The Rwandan state is built on two competing narratives.
On the one hand, Rwanda is the West’s “donor darling,” seen as a shining example of African development, especially when it comes to internet development and digital transformation. Rwanda has received global acclaim for its expansive mobile network coverage, impressive 4G network coverage, and local smartphone  manufacturing.
On the other hand, it operates as an authoritarian state with hegemonic, tightly centralized power. The ruling Rwandan Patriotic Front (RPF) party has positioned itself as the only guarantor of peace, security and development after the country underwent a massive political transition in the wake of the 1994 genocide and civil war, when many politicians, journalists, and civil society actors were killed, displaced or discredited.
The state justifies its tight control over media freedoms, suppression of dissent, and hostility toward opposition as issues of national unity, safety and security, specifically targeting a politically active diaspora who fled Rwanda to live in exile after the war, including former members of armed rebel movements based in the eastern Democratic Republic of Congo, as well as former government figures who fled Rwanda to join political parties in Europe and the United States.
Given the country’s history of divisive ethnic violence, the government has developed a sophisticated strategy of actively monitoring and dismantling opposition voices through cyber-surveillance, threats and violence — not just within the Great Lakes region but across the world.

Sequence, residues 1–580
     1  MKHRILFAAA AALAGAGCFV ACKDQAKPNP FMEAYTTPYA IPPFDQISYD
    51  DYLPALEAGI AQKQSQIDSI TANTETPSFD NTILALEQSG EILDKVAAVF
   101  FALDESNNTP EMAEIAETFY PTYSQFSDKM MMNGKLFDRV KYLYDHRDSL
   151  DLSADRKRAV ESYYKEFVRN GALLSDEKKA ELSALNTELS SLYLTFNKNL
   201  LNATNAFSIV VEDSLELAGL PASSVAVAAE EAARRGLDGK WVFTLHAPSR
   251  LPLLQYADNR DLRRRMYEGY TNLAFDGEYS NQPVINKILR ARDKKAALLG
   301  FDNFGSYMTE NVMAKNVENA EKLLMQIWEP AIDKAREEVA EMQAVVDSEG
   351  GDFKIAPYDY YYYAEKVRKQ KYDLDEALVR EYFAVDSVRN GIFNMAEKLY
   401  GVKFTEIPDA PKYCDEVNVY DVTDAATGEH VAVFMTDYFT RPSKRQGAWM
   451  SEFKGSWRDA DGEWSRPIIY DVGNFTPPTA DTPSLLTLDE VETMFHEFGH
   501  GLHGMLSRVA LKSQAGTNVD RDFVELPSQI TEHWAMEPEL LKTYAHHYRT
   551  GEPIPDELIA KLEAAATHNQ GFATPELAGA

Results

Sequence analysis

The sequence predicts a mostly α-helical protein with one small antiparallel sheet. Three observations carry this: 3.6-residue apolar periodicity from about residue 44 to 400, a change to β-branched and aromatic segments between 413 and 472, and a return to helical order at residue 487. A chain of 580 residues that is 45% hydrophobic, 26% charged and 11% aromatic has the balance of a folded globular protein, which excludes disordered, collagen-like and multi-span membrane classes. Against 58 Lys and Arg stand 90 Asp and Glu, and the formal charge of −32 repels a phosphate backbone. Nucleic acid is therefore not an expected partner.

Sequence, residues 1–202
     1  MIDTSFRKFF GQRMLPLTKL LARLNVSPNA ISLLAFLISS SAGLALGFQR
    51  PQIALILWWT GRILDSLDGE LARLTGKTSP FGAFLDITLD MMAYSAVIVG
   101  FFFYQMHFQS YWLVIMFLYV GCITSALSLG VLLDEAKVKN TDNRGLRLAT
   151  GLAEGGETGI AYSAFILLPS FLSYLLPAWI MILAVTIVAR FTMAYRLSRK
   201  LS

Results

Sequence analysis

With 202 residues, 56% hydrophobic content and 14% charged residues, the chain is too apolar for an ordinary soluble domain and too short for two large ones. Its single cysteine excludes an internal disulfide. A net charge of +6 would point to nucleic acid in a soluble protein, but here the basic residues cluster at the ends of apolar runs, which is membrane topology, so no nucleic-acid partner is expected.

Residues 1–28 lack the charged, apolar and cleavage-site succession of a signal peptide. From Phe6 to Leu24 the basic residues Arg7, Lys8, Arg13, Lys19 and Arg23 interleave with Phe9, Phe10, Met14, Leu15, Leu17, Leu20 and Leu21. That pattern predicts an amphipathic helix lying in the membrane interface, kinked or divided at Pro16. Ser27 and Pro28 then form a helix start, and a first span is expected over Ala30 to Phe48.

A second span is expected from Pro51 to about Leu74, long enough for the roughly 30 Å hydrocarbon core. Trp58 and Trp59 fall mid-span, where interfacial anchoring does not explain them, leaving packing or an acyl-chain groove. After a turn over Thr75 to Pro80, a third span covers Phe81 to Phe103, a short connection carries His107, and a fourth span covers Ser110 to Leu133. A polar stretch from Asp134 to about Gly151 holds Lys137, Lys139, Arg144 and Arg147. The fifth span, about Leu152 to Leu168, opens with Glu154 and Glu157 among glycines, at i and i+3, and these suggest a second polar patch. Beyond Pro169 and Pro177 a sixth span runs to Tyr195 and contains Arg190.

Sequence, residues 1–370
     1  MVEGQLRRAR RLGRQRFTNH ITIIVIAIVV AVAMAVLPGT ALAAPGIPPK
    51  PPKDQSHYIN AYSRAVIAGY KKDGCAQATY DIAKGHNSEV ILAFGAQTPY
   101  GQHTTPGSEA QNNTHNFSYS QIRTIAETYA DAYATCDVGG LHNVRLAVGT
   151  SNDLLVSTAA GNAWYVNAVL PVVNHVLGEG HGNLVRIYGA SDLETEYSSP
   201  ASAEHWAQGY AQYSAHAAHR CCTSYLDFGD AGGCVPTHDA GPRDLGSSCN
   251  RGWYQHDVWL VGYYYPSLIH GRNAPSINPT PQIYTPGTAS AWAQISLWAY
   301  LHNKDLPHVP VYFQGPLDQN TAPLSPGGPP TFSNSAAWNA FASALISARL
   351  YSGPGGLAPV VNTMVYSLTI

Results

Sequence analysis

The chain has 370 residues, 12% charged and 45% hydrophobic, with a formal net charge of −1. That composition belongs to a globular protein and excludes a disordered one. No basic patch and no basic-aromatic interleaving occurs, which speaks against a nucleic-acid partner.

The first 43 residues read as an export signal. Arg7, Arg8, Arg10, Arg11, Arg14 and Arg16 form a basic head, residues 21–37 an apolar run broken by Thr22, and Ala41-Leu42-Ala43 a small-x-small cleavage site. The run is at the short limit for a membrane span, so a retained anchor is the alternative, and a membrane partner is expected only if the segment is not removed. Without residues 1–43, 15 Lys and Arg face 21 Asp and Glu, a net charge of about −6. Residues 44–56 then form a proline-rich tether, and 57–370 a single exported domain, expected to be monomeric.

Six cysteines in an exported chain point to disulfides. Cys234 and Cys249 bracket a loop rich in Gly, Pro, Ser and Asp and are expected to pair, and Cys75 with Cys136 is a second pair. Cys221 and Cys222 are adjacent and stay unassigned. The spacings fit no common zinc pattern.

Over the past three years, the state has also broadened its local mass surveillance capacities with the recent implementation  of closed-circuit TV cameras network (CCTV) throughout neighborhoods in Kigali, the capital.
There have been many examples of the state allegedly deploying technology against dissidents  and opposition members, as evidenced in several court cases where the prosecution presented private communications sourced from mobile chats apps.
In September 2017, evidence surfaced  that the national security and intelligence service was using technology and other spyware to monitor the online activities of dissidents and opposition members.
For example, just a few months after politician Diane Rwigara  announced her presidential bid in 2017, she was arrested, along with her mother and sister, on trumped charges of tax evasion and incitement against the government. During the pre-trial hearing, the prosecution presented a WhatsApp audio message allegedly taken from the mobile phones of Rwigara and her mother as evidence against them. It is believed that the authorities got hold of the messages through the use of spyware.
In 2019, an investigative report by the Financial Times shed more light on the state’s tendency to closely monitor citizens’ social media  usage. The report revealed the state’s possible use of Pegasus spyware, made by an Israeli tech company.
Through Pegasus spyware, security agencies can collect data from citizens’ smartphones  without a trace, including phone calls, contacts, passwords and any data transmitted over applications like WhatsApp or Skype.
The right to privacy is enshrined  in the constitution of the Republic of Rwanda as well as in the International Covenant on Civil and Political Rights  (ICCPR) to which Rwanda is a signatory.
But law  nº60/2013 regulating the interception of communications authorizes the prosecutor to issue a “verbal warrant” to national security and intelligence service to watch, intercept and decrypt any information generated, transmitted, received or stored in any computer resource for reasons of national security.
Further, the absence of specific legislation on personal data protection has given Rwandan security services unfettered discretion to collect data with impunity.
When the state abuses surveillance tools, it puts all citizens at risk. Rwanda currently lacks an appropriate legal framework to guide the usage of online technologies in the context of national security.
The state must consider how to regulate the usage and application of these new technologies. Authorization must rely on objective evidence that comes from a judge or another independent, legal body. Additionally, the state should prohibit the indiscriminate collection of personal data, making allowances only when absolutely necessary.